• Virtual Reality in the Classroom

10/14/2008

Before the advent of the Internet, an avatar was defined as the incarnation of a Hindu deity.  In today’s high-tech world, avatars have morphed into computer-generated facsimiles of real people. Sign on to a web site, choose a representative character, and let your electronic alter-ego roam a virtual world where life mirrors everyday existence.

And that’s exactly what Michael Kraten, Assistant Professor of Accounting, is doing. He uses virtual reality (VR) to teach students in the Sawyer Business School, allowing them to sign on to classes from remote locations. His avatar delivers lectures, answers questions and motivates students to excel just as he does in real-life classes, thus easing the strain on campus facilities and limiting students’ commuting time.

Of course, Kraten’s avatar doesn’t actually “talk.” Kraten uses a microphone to deliver lectures via broadband to the Internet. Students with high-speed connections can hear him, speak with each other, and interact verbally as if they were physically in the same room (students with dial-up connections have to rely on text messaging to communicate).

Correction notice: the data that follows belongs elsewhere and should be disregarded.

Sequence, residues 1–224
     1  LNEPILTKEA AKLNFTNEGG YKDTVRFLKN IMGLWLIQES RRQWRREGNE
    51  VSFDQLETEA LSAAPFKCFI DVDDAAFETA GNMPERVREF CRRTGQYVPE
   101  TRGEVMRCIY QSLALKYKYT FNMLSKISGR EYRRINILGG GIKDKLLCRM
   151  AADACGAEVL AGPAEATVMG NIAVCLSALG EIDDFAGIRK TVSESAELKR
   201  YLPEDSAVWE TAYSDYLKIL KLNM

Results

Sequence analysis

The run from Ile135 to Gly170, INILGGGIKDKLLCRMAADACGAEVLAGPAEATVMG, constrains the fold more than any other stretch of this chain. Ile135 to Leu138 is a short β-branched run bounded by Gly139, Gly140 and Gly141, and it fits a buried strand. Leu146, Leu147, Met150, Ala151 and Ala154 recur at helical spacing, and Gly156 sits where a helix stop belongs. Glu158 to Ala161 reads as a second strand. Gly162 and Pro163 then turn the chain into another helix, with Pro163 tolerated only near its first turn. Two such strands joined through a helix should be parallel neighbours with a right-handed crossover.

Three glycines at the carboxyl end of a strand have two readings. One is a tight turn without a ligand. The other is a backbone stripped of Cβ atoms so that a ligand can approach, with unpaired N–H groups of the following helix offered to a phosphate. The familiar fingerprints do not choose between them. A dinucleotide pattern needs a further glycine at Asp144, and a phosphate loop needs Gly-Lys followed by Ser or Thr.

Virtual reality also allows Kraten to expand his students learning experience. Guest lecturers across the globe can sign on, select an avatar and share real-life business scenarios with students without incurring costly travel expenses or losing time away from work. This fall, John Bailey, a financial services expert in New York and publisher of Market Health, spoke via virtual reality to one of Kraten’s classes about market trends and the importance of saving for retirement.

Virtual reality offers other benefits as well. Last year, Kraten took an undergraduate class on a virtual tour of Avnet, a Fortune 500 technology company headquartered in Phoenix. He is planning additional corporate tours this year to virtual campuses which resemble their brick and mortar counterparts

According to Kraten, vitual reality “is the most cost effective way of connecting the people of Suffolk with people around the world with a minimum of effort to accomplish our global mission.”

 

 

 

 


 

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CONTACT US

Michael Kraten
Assistant Professor of Accounting

617.973.5388
617.994.4260
mkraten@suffolk.edu